Transparency International has published research which shows that the vast majority of FIFA member federations refuse to reveal how they spend their money.

A total of 168 of the 209 FIFA members fail to make financial reports publicly available, according to the anti-corrution organisation.

“The risk of corruption at too many football associations around the world is high,” TI managing director Cobus de Swardt said in a statement. “This problem is made worse by the lack of information such as audited financial statements by many associations.”

The research follows criminal investigations of FIFA and senior officials launched by federal prosecutors in the United States and Switzerland.

“This lack of transparency and accountability is unfortunately not limited to FIFA’s headquarters,” the document said. “Any reform of FIFA will have to make that a priority.”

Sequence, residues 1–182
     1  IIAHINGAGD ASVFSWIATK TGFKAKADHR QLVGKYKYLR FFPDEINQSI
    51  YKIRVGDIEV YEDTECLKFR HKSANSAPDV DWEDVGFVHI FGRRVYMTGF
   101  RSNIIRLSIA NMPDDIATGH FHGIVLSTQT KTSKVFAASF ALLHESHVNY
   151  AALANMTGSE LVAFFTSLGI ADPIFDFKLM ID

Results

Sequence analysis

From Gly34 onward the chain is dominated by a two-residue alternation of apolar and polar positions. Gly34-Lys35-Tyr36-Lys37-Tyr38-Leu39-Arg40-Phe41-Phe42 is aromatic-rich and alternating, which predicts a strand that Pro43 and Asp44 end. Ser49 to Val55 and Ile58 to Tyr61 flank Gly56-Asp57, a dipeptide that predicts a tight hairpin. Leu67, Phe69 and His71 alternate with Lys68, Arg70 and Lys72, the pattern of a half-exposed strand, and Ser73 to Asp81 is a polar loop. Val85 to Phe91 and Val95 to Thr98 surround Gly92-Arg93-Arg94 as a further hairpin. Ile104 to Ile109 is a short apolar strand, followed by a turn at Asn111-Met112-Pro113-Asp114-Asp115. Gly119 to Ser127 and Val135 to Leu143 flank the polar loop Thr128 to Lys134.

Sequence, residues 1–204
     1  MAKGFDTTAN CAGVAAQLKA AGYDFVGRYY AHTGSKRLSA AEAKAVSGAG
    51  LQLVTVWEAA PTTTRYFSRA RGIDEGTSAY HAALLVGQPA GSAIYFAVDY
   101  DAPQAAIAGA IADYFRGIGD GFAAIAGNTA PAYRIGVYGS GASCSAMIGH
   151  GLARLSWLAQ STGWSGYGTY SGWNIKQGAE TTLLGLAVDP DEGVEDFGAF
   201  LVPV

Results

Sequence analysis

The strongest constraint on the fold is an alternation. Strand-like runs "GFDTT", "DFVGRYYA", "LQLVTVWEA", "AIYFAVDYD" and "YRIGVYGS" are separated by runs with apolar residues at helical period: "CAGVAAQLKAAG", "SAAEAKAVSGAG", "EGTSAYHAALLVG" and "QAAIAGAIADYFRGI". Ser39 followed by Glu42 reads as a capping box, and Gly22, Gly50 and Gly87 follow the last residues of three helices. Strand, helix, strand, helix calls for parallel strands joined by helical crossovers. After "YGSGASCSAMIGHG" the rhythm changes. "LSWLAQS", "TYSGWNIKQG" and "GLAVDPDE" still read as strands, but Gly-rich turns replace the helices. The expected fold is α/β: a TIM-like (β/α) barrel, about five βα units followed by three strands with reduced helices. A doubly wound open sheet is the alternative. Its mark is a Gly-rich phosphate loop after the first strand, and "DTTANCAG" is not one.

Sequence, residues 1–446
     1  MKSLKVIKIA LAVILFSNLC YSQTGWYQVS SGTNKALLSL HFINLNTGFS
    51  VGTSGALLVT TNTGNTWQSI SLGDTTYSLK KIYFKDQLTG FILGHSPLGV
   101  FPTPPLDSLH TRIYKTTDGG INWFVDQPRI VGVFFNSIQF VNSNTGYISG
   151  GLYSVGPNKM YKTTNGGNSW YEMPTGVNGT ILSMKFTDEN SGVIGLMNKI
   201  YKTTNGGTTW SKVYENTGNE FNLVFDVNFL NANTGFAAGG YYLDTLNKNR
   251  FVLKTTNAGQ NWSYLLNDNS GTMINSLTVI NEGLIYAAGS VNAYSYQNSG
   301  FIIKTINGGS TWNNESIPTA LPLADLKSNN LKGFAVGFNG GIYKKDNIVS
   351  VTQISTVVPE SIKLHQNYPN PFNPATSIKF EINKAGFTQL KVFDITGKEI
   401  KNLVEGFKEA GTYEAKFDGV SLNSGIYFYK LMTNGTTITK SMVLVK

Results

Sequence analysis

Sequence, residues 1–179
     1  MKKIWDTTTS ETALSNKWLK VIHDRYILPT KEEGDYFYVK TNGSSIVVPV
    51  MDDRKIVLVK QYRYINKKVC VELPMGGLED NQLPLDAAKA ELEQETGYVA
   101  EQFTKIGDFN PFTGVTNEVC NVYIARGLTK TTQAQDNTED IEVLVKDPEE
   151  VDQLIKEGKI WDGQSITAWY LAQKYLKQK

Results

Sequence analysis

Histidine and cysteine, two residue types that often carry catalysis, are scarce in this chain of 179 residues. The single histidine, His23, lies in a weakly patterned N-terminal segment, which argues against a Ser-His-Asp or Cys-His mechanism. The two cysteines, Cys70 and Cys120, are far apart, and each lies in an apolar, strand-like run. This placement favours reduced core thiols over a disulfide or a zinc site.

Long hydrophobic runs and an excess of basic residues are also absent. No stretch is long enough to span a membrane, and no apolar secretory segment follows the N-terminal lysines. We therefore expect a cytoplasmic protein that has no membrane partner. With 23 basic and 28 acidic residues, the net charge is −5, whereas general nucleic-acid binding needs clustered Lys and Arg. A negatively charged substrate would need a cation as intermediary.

Only 14 out of FIFA’s 209 football associations – Canada, Denmark, England, Hungary, Iceland, Italy, Japan, Latvia, New Zealand, Northern Ireland, Norway, Portugal, the Republic of Ireland and Sweden – publish the minimum amount of information necessary to let people know what they do, how they spend their money and what values they believe in.

More than one in five of the 209 national soccer bodies had no website to explain their work, and 178 did not publish an annual activity report.

Only two of FIFA’s six continental confederations – European body UEFA and Africa’s CAF – revealed their annual accounts, the not-for-profit group stated in its 16-page document.

Each of FIFA’s 209 members received at least $2.05 million from central funds during the  four-year cycle tied to 2014 World Cup income. The six confederations shared $102 million from FIFA in that time.

“Other than a partial accounting on the FIFA web site, there is no clear way to track what the (members) did with all that money,” the report said.

“At Transparency International we believe fans have a right to know how the money FAs generate through their interest in football is spent, as does the general public because governments also invest taxpayers’ money in football at the national level. We believe greater transparency lessens the corruption risks.”

TI has recemmended four steps to be taken as a minimum to being transparent: Publishing audited financial accounts, an annual activity report, a code of conduct and organisational statutes.